Olive Magazine
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San Francisco foodie guide: where locals eat and drink

Published: June 6, 2019 at 1:39 pm

Find xiao long bao, tender fried calamari with smoked tzatziki and sourdough country bread in California’s hilly city

Looking for restaurants in San Francisco? Want to know where to eat in the northern California city? olive’s sub editor and drinks writer Hannah Guinness shares her insider tips for the best restaurants in San Francisco, along with where to find the best burnt honey ice cream, xiao long bao, and porchetta and fried egg sandwiches.


olive’s top 10 must-visits for foodies in San Francisco

Commonwealth – for low-key fine dining

Although white brick walls, exposed light bulbs and dried foliage in jars set a casual, relaxed tone at Commonwealth, executive chef Jason Fox’s precise and layered take on modern Californian cuisine has won the restaurant a Michelin star. Dishes might include briny-fresh oysters poached in their shell with a zingy apple and lemon verbena broth, or luscious fat-marbled American wagyu, cooked in smoked beef fat, with earthy turnip cream and fermented ramp. Leave room for desserts such as silky burnt honey ice cream with grassy matcha meringue and crisp chocolate tuile.


Ferry Building Marketplace – for foodie shopping

Once a major transport hub for the city, this 19th-century Beaux-Arts style building now houses a collection of market stalls and shops where you can pick up everything from organic pain au levain loaves at Acme Bread Company to Cowgirl Creamery’s American artisan cheeses (including sweet and mild Wagon Wheel).

Diners also have plenty of choice, from Californian oysters at Hog Island Oyster Co. to dinner at Boulettes Larder, where an Instagram-friendly open kitchen is bedecked with copper pans, bowls of fresh fruit and flowers. Soothing brunch dishes include porridge with poached egg and ghee, smoked wild king salmon with crème fraîche and Meyer lemon toast.

Visit the Ferry Building on a Tuesday, Thursday or Saturday and you’ll also catch the acclaimed Ferry Plaza Farmers’ Market, where you can buy fruit and veg, flowers, herbs, meat and eggs from small regional farmers and ranchers.


SPARK Social SF – for street food

A vintage bus guards the entrance to this street-food park in Mission Bay. Inside, discover a colourful warren of food trucks (some 150 from across the Bay Area are regularly rotated), plus a beer and sangria bar. Visit Korean-Japanese fusion outfit Koja for its take on a burger – generous amounts of tender Korean barbecue short rib stuffed into crispy garlic rice buns with katsu aïoli – and kamikaze fries: criss-cut waffle chips loaded with spicy minced beef, kimchi, Japanese mayo and green onion. Drink peach, thyme and rosé sangria, or a local craft beer, while lounging on adirondack chairs in the sun.


A brown paper bowl filled with crinkle cut fries loaded with spicy minced beef, kimchi, Japanese mayo and green onion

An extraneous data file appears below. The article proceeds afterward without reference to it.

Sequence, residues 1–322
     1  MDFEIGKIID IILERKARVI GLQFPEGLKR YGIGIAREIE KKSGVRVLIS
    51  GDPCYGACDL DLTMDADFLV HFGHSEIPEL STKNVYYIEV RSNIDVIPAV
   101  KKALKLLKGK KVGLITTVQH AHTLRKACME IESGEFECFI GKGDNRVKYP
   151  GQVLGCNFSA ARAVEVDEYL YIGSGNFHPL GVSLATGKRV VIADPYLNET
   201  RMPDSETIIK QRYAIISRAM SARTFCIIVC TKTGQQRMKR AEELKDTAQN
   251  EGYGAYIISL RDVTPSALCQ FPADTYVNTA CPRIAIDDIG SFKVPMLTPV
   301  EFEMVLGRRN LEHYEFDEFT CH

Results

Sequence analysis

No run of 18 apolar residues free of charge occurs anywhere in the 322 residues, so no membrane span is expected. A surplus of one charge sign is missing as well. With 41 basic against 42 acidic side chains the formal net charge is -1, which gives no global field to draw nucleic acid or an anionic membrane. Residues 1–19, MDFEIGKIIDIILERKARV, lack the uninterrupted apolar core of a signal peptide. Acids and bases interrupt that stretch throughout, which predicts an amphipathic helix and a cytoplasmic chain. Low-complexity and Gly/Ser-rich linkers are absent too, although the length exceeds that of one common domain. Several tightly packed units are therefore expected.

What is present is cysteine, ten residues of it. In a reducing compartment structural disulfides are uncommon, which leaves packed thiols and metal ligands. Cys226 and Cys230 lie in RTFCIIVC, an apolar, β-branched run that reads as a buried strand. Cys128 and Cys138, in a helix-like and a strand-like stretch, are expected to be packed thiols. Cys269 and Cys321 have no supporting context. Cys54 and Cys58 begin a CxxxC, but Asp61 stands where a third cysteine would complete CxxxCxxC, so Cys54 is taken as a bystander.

Order kamikaze fries from Koja: criss-cut waffle chips loaded with spicy minced beef, kimchi, Japanese mayo and green onion

Tartine Manufactory – for patisserie and bread

Foodies have been lining up to sample Tartine’s baked goods since the first bakery opened in 2002 and it’s now a global brand, with outposts in LA and Seoul. The company's second San Francisco branch (there’s a third bakery at the airport) is an ambitious, multifaceted operation in a huge, light-filled space a few streets away from the original site in Mission.

As well as a bakery – where you can still find cult Tartine items including sourdough country bread, croissants and morning buns – there’s also a coffee shop, cocktail bar and restaurant. Start the day with house yogurt and seasonal fruit, bee pollen and granola, or a porchetta and fried egg sandwich with salsa verde. For lunch, or dinner, try steak tartare with pickled celery root, crispy sunchoke and cured egg toast, or chickpea and potato soup with fermented collard greens and orange oil.


A sugar-coated morning bun against a graffiti wall
Cult Tartine bakery items include sourdough country bread, croissants and morning buns

Holy Mountain – for casual cocktails

After exploring traditional taquerias and hunting down street art in the Mission district (head to Clarion Alley for some of the best examples), step inside brightly coloured Laotian restaurant Hawker Fare and venture upstairs to discover a low-key drinking den that’s a favourite spot for the city’s off-duty bar tenders. The menu keeps it pithy with just seven regularly changing cocktails (plus a few classic ones), as well as a brief list of beers and wines. Try the Temperance: a punchy, smoky, spicy marriage of Legendario Domino mezcal with hibiscus, chamoy, palm sugar, chilli salt and lime.


Noosh – for Middle Eastern food

Noosh's teal-hued frontage, on Fillmore Street in Pacific Heights, houses a bright and light space (think chic Santorini vibes) where chefs Laura and Sayat Ozyilmaz - whose pedigrees include Eleven Madison Park and Blue Hill at Stone Barns - have created a fine-dining/casual eating hybrid.

With a DIY approach to ingredients (they make their own halloumi, pitta and preserved lemons), expect an expansive approach to Eastern Mediterranean cuisine, from mezze-style dishes to sumptuous dips (think red pepper muhammara, or warm baba ganoush with kasseri cheese) and lavish stuffed pittas like the Greek po’ boy: tender fried calamari with smoked tzatziki. Don't miss the Turkish flatbreads, especially the pork soujuk with runny egg, roast garlic and oozy cheese. Drinks include Middle-Eastern tinged classics like the Urfa Manhattan with sour cherry, plus homemade shrubs and Armenian foraged teas.


SF on Tap – for local breweries

San Francisco's beer scene is booming, and one of the easiest ways to dive in is to book an SF on Tap walking tour. Each one takes four hours but the pace is leisurely, local guides are engaging and full of knowledge about the city and beer, and you can expect lengthy stops at three different breweries, with generously sized taster beers and snacks.

The Celebrate the Haight tour explores one of the city's most iconic neighbourhoods, Haight and Ashbury, referencing the Summer of Love and visiting the area's best breweries. These will vary from tour to tour, but may include the sleekly minimalist Black Sands Brewery (try the ultra-stacked burgers), Magnolia Pub – the cooling cucumber and Meyer lemon double IPA is a winner – and Barrel Head Brewhouse (we loved its Cuvée du Satja, an elegant barrel-aged sour with pomegranate).